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PLoS One. 2018 Feb 23;13(2):e0193297. doi: 10.1371/journal.pone.0193297. eCollection 2018.

Pattern of risks of rheumatoid arthritis among patients using statins: A cohort study with the clinical practice research datalink.

Author information

1
Centre for Health Protection, National Institute for Public Health and the Environment, Bilthoven, The Netherlands.
2
Department of Toxicogenomics, Maastricht University Medical Center, Maastricht, The Netherlands.
3
Division of Pharmacoepidemiology and Clinical Pharmacology, Department of Pharmaceutical Sciences, Faculty of Sciences, Utrecht Institute for Pharmaceutical Sciences, Utrecht University, Utrecht, The Netherlands.
4
Clinical and Experimental Immunology, Maastricht University, Maastricht, The Netherlands.
5
Sint Franciscus Gasthuis, Rotterdam, The Netherlands.
6
Department of Clinical Pharmacy, University Medical Center Utrecht, Utrecht, The Netherlands.
7
Department of Clinical Pharmacy & Toxicology, Maastricht University Medical Center, Maastricht, The Netherlands.
8
Care and Public Health Research Institute (CAPHRI), Maastricht University, Maastricht, the Netherlands.
9
Department of Non-communicable Diseases, London School of Hygiene & Tropical Medicine, London, United Kingdom.
10
Health eResearch Centre, Farr Institute for Health Informatics Research, University of Manchester, Manchester, United Kingdom.

Abstract

We examined the association between statin use and the risk of rheumatoid arthritis (RA), with special focus on describing the patterns of risks of RA during statin exposure in a large population-based cohort in the United Kingdom. In the Clinical Practice Research Datalink, patients aged ≥40 years with at least one prescription of statins (1995-2009) were selected, and matched by age (+/-5 years), sex, practice and date of first prescription of statins to non-users. The follow-up period of statin use was divided into periods of current, recent and past exposure, with patients moving between these three exposure categories over time. Time-dependent Cox models were used to derive hazard ratios (HRs) of RA, adjusted for disease history and previous drug use. The study population included 1,023,240 patients, of whom 511,620 were statin users. No associations were found between RA and current (HRadj,1.06;99%CI:0.88-1.27) or past statin users (HRadj,1.18;99%CI:0.88-1.57). However, in patients who currently used statins, hazard rates were increased shortly after the first prescription of statins and then gradually decreased to baseline level. The risk of developing RA was increased in recent statin users, as compared to non-users (HRadj,1.39;99%CI:1.01-1.90). The risk of RA is substantially increased in the first year after the start of statins and then diminishes to baseline level. These findings may suggest that statins might accelerate disease onset in patients susceptible to develop RA, but in other patients, statins are probably safe and well tolerated, even after prolonged use. Alternatively, we cannot rule out that confounding by cardiovascular risk factors and ascertainment bias may have influenced the findings.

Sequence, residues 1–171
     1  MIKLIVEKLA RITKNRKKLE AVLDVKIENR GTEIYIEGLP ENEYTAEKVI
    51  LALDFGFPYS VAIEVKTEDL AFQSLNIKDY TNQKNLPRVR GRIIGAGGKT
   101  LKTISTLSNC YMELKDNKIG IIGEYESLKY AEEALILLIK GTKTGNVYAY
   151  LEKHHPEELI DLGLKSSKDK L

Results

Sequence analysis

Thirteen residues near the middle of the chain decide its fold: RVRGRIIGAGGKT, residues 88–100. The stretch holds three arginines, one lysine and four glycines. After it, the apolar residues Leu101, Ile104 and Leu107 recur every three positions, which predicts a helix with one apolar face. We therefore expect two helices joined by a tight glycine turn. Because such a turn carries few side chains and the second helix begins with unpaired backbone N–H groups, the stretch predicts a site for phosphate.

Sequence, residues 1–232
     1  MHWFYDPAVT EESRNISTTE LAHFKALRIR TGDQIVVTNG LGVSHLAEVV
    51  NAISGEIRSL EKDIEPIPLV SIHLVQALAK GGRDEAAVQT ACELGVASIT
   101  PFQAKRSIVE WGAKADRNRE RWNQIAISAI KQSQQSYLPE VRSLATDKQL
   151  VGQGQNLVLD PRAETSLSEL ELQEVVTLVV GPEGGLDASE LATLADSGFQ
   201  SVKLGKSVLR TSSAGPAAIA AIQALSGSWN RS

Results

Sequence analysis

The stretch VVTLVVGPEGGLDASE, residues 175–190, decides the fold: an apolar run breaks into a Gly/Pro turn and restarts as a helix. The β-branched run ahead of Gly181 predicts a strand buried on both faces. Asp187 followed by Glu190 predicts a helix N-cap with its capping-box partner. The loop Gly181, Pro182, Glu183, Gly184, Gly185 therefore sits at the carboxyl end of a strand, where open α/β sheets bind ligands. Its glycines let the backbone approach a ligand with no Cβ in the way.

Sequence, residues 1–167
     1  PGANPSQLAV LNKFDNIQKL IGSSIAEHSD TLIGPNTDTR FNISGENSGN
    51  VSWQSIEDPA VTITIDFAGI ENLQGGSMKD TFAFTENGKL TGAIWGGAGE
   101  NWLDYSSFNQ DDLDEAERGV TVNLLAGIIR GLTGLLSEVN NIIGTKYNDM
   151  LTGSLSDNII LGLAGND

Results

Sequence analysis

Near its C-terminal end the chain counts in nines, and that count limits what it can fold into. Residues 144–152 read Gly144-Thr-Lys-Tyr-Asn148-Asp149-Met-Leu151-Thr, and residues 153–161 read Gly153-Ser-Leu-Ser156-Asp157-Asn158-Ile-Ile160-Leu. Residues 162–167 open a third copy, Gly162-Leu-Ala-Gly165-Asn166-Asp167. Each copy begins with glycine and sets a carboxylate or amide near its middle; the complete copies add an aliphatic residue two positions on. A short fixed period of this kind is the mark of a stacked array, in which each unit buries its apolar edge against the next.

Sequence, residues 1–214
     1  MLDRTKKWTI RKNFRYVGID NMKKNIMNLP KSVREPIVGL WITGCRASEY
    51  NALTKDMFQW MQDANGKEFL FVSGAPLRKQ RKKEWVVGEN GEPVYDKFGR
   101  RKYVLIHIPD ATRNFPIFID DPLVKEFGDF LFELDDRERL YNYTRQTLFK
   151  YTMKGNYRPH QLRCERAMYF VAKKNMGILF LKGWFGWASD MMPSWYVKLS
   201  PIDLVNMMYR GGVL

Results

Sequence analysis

PMID:
29474418
PMCID:
PMC5825093
DOI:
10.1371/journal.pone.0193297
[Indexed for MEDLINE]
Free PMC Article

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